| Fewest horses in the race:
| 7 (1863) won by Banker
| Most attempts to win:
| Shadow King made six attempts to win the Cup in seven years between 1929 and 1935. He ran 6th, 3rd, 2nd, 3rd, 2nd and 4th. How unlucky!
The Emirates Melbourne Cup Trophy
The Emirates Melbourne Cup Trophy is a stunning 18 carat gold trophy valued at $175,000.
Noted for its "Loving Cup" design, the trophy is one of the most identifiable sporting trophies anywhere in the world. It is a national icon embedded in Australia's cultural fabric and strikes many emotions with all ages around the country.
The Cup, as we know it today, was first designed by Mr James Steeth in readiness for the 1919 Melbourne Cup won by Artilleryman. He was commissioned by the VRC to design the trophy which would be in keeping with the prestige of the race. Little did the committee, or Steeth for that matter, realise that they would develop the icon we know today.
In 1980, the making of the Cup was then entrusted to Hardy Brothers Jewellers and the same processes commenced in 1919 are still adopted today. It is made of 34 pieces of gold metal hand beaten over 250 hours.
The Emirates Melbourne Cup Tour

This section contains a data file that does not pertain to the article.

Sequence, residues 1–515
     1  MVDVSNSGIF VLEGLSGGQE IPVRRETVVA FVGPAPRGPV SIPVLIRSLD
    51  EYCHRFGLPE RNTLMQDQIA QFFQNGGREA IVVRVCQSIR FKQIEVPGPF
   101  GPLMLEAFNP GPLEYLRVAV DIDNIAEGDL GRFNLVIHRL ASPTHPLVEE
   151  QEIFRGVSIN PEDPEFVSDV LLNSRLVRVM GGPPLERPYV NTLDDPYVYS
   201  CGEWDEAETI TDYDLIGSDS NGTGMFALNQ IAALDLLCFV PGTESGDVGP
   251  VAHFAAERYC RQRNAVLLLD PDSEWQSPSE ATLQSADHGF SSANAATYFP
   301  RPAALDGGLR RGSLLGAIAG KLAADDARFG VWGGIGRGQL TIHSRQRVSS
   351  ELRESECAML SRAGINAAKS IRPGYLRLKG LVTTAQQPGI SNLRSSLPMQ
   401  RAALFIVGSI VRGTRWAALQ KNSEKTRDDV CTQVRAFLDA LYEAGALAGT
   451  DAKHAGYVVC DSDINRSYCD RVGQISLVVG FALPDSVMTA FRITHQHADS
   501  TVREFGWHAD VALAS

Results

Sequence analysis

Every year the Melbourne Cup trophy goes on an adventure around Australia and New Zealand before it is handed over to the lucky winner of the Emirates Melbourne Cup at Flemington.
The tour every year travels to over 30 communities around Australia and New Zealand, it might just be coming to your home town or even your school!
Over the past 10 years, the 18-carat gold Emirates Melbourne Cup has travelled more than 325,000 kilometres, visiting 236 towns and cities, and meeting tens of thousands of people!
It visits various destinations in an effort to unite communities by engaging councils, schools, hospitals, aged-care and racing groups in events to raise funds for local causes.
Living up to its status as the ‘People’s Cup’, in 2012 the Tour visited 35 schools and 22 hospitals and aged care facilities, participating in more than 87 community events, including street parades, civic receptions, charity dinners, community barbeques and cocktail parties.
Some fast facts about the Cup:
- It weighs 4kgs.
- It is worth $175,000.
- It takes 250 hours to make.
- There have only been 4 different people who have made the Cup trophy since 1919.
- It is made out of 18ct gold.
- It is 360mm tall.